What happens to someone’s debt when they die?

The time after a bereavement can be difficult, especially if you’re also having to deal with a whole heap of debts left behind. Find out what happens to debts when someone dies and who is responsible for paying them off.

The time after a bereavement can be difficult, especially if you’re also having to deal with a whole heap of debts left behind. Find out what happens to debts when someone dies and who is responsible for paying them off.

Kara Gammell
Finances expert
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Last Updated 26 OCTOBER 2022

What happens to debt when someone dies?

When someone dies, they may leave behind debts. These are paid out of the estate left by the person who passed away. The estate is essentially the value of everything the deceased leaves behind when they die. The executor – the person responsible for handling the deceased’s estate – will normally use any assets from the estate to pay off the debts. They’ll need to apply for probate, which is the legal right to deal with the deceased’s estate, before they can pay off the debts. They must also estimate the value of the estate before anything else is done, in case inheritance tax needs to be paid.

If there isn’t enough money in the estate to pay off all the debts, the debts will likely be prioritised so the largest are paid off first. Once the money runs out, any remaining debts will typically be written off.  

Are families responsible for debt after death?

Don’t worry, you don’t inherit debt in the UK. This means that a spouse, partner, children and other family members, including executors, are not personally liable for the debt, unless:

  • They had a joint loan or agreement with the deceased person
  • They acted as a guarantor for them – for example, for a loan or mortgage
  • They distribute the estate before all creditors have come forward.

Who pays off the deceased person’s debts?

The executor or executors will handle paying off the deceased person’s outstanding debts. An executor is normally a relative or friend, although a solicitor can also be an executor. An executor(s) may want to get help from a solicitor, especially if the estate is large or complicated.

If the deceased person didn’t leave a will, the people who handle their affairs are known as administrators and have the same responsibility to see that outstanding debts are paid off.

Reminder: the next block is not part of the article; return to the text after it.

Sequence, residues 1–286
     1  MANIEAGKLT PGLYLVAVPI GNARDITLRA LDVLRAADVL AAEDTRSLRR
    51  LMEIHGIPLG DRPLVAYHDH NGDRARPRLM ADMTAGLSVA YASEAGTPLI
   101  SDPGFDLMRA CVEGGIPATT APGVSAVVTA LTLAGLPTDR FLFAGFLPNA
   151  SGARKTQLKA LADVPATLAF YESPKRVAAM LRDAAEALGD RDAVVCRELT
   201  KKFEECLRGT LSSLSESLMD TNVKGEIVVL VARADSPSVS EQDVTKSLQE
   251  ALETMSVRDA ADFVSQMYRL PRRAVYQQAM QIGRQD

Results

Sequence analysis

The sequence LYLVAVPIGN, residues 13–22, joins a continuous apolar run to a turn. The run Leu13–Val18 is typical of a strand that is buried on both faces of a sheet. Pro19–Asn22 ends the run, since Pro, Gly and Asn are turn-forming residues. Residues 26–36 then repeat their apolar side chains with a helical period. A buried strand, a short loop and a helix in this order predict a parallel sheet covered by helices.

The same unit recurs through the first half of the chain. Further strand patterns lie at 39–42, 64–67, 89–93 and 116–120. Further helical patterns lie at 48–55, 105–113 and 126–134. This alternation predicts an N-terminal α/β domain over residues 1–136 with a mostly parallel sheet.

If you’ve established that the deceased person has an estate and debts, the next stage is to work out how much these debts are and what kind of debts they are. Go through their financial documents and make a list of everything they owed.  

Top tip 

The executor or administrator should make sure the deceased’s bank stops making direct debit, standing order or regular payments immediately, so it’s clear exactly what was owed at the time of death. This may also mean a partner or spouse of the deceased needs to quickly switch household bills into their name. This will be less of an issue for bills that are paid out of a joint account as the account will become the sole responsibility of the surviving person.

What types of debts are there?

The typical kinds of debt that people could leave behind when they die include: 

  • Car loans
  • Credit card bills
  • Mortgages
  • Overdrafts
  • Personal loans
  • Student loans. 

How and when the debts will be paid off depends on what type of debts they are: 

Individual debts 

Individual debts are only in the name of the person who’s died, for example, a credit card. They can be paid off using their estate. 

Joint debts

Joint debts are in the name of the person who’s passed away, plus one or more people – for example, a joint mortgage or loan.

If there are joint debts, the executor and surviving person will need to get the deceased person’s name taken off the paperwork and the debt transferred into the survivor’s name. The survivor may be able to renegotiate the term of the loan if they can no longer make the repayments in full.

Secured debts 

A debt can be secured against an asset the deceased person owned, such as property or a vehicle. If the debt hasn’t been paid off before that person died, for example a homeowner loan or car finance, the lender will recover the asset to use as payment.